Thus, because of the procedural logic dictating search protocols, what Claus Schmidt calls "page hijacking" was punished when its victims were sites that were already authoritative hubs. But if the web domain came from an independent extra-mural source, bigger "textual poachers," to use Henry Jenkins' term, such as the Internet Archive, could end up hurting the actual content-creator, who might be blocked from a given set of search results. Regardless of size, even the most obviously educational sites with a lot of author-generated content could get caught up in the no-duplication net. As Zwick says, "I think my site, the Smithsonian, and a bunch of others were banned from Google in early 2005 after a commercial script for use by high schools was released that uses 302 redirects to link to all kinds of academic sites. Google seems to have made manual corrections for well-known institutional sites but did not address the problem more generally so many independent sites continue to be penalized because of 302 links and copying by others." By early 2007, use of Zwick's site declined to less than 23% of what it had been in early 2003, and newer materials added to the site were not getting any use at all.

Ironically, this problem of "domain poisoning" was made worse the more popular Zwick's site became among authoritative content-providers. As he writes, "The first using 302 redirects did it as a bait-and-switch but by 2005 or so, many legitimate sites were using the same technology to count usage of links going to the legitimate sites." Says Zwick, "Google was the most influential problem with the 'duplicate content' issue but my site was also banned from Microsoft Live and because of it. Yahoo was the only major search engine that listed the site, probably because it was also the only search engine not affected by the page hijacking problem."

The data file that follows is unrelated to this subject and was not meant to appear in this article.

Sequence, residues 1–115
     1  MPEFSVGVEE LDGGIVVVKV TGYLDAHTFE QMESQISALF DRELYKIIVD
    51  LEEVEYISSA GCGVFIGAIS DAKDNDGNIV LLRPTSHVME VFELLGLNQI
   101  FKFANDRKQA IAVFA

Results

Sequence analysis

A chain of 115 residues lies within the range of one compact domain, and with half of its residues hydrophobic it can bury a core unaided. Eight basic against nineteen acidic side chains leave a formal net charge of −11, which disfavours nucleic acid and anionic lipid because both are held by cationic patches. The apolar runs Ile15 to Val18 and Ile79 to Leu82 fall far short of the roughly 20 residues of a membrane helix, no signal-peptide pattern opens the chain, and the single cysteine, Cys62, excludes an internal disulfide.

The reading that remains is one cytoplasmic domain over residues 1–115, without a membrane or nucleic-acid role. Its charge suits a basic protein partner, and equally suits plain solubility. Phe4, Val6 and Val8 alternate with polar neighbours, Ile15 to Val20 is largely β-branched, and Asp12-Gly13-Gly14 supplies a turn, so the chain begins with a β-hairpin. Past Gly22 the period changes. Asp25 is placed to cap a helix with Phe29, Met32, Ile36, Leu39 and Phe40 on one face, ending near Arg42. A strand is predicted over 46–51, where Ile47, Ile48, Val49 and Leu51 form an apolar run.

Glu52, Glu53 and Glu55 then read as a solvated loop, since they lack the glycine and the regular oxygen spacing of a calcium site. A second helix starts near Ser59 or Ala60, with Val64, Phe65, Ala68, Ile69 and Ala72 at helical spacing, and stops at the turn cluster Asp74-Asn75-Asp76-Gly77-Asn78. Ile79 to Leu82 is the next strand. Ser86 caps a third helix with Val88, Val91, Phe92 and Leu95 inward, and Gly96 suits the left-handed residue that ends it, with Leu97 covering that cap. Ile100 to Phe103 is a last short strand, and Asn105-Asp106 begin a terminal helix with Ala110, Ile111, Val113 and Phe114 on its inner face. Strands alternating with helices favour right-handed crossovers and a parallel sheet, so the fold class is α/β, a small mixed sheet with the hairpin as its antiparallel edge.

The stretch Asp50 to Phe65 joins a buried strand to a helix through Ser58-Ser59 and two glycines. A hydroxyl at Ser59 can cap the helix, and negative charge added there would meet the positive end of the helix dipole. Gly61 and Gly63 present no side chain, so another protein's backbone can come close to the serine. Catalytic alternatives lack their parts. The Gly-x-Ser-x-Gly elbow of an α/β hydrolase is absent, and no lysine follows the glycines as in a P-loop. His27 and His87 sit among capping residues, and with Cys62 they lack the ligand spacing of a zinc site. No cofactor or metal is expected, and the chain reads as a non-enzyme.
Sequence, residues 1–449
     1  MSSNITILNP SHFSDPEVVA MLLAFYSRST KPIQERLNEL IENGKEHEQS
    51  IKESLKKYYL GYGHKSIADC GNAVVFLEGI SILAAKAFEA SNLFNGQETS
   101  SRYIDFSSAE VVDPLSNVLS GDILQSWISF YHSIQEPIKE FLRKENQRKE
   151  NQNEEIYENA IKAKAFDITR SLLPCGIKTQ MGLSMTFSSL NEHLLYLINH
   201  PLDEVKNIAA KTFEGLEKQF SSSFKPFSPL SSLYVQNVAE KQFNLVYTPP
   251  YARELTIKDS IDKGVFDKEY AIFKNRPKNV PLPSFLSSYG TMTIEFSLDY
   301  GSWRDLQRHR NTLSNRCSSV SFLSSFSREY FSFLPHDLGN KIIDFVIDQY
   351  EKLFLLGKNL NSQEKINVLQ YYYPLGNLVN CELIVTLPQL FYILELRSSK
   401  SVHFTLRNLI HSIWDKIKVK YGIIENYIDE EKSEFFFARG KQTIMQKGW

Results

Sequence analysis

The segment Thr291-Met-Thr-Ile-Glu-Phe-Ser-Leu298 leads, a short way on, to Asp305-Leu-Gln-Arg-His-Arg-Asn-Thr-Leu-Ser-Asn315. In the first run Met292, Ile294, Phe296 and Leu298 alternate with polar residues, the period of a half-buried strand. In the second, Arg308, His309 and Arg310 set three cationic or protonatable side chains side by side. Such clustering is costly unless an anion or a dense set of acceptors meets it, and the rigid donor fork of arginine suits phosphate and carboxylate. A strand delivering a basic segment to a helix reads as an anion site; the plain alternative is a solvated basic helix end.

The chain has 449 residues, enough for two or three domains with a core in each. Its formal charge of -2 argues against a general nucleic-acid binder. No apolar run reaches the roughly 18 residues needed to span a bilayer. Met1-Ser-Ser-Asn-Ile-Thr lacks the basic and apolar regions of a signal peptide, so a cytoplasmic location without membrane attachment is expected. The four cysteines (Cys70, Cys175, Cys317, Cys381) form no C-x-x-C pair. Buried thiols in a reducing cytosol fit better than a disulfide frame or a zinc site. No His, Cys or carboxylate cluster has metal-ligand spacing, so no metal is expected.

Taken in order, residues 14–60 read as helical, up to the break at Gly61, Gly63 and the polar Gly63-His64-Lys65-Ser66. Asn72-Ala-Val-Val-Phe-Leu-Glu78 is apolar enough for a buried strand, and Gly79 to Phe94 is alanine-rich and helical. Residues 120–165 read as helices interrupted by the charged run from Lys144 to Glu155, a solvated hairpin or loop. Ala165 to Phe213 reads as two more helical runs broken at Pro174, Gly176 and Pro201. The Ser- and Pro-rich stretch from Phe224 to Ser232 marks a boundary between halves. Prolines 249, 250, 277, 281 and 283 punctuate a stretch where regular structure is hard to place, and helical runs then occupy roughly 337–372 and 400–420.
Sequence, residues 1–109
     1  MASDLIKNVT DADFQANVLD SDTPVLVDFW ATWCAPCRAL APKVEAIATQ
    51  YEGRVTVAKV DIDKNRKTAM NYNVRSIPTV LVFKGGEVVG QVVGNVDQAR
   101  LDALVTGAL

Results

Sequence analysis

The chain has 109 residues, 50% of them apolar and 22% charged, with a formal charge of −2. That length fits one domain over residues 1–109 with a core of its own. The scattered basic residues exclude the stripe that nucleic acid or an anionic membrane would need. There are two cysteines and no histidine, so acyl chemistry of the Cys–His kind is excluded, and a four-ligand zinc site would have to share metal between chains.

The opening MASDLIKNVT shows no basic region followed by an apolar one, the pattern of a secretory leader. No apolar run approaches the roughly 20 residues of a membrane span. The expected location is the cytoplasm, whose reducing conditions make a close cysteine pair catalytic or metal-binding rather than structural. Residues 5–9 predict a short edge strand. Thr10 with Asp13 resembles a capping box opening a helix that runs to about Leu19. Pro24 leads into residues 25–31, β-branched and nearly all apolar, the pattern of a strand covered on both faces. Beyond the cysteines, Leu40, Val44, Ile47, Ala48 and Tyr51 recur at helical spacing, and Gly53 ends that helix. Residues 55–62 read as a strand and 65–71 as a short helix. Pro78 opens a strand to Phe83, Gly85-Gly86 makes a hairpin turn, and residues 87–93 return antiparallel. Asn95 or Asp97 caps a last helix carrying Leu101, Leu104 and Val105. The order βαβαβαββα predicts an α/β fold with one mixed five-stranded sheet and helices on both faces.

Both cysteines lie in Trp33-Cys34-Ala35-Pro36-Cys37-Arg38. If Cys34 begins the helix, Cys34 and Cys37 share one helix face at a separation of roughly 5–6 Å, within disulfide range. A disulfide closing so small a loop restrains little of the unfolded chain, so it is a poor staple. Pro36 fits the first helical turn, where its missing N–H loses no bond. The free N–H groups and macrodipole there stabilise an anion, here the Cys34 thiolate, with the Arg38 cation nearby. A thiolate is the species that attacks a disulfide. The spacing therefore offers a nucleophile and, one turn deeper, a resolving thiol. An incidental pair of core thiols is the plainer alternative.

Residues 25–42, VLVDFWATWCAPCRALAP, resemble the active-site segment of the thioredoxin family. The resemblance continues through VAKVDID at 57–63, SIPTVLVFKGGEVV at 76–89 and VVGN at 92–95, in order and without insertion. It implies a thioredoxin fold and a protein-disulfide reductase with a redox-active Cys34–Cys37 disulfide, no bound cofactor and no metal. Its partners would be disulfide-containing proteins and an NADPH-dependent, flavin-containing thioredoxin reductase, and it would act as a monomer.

For Zwick it was particularly disastrous, because -- like many independent scholars -- he also used his website to showcase his publications. So, an entire corpus of work on American political discourse and authors such as Mark Twain wasn't linked to his individual domain, although that was his intention in putting his publications there in the first place.

I can sympathize, because I know that my faculty page is the way that people contact me to commission articles or invite me to speak . . . or reach me with complaints about this blog. Having a more impervious domain name extension associated with a large educational institution protects me from the duplicate content problem. As more and more faculty members become content-creators and eschew using university hosting, for a variety of reasons including the inherently nomadic character of academic life and the desire to establish what Julia Lupton has called a "personal brand" independent of their more constraining institutional identities, these faculty members may be more likely to find themselves in Zwick's position. In other words, right now I may be amused by those using the relatively modest ranking associated with the "virtualpolitik" name to sell political consulting services in Mexico or web design products in Germany, but if my scholarship were more accessible to the general public, particularly to those in required high school courses, I might feel very differently about this issue.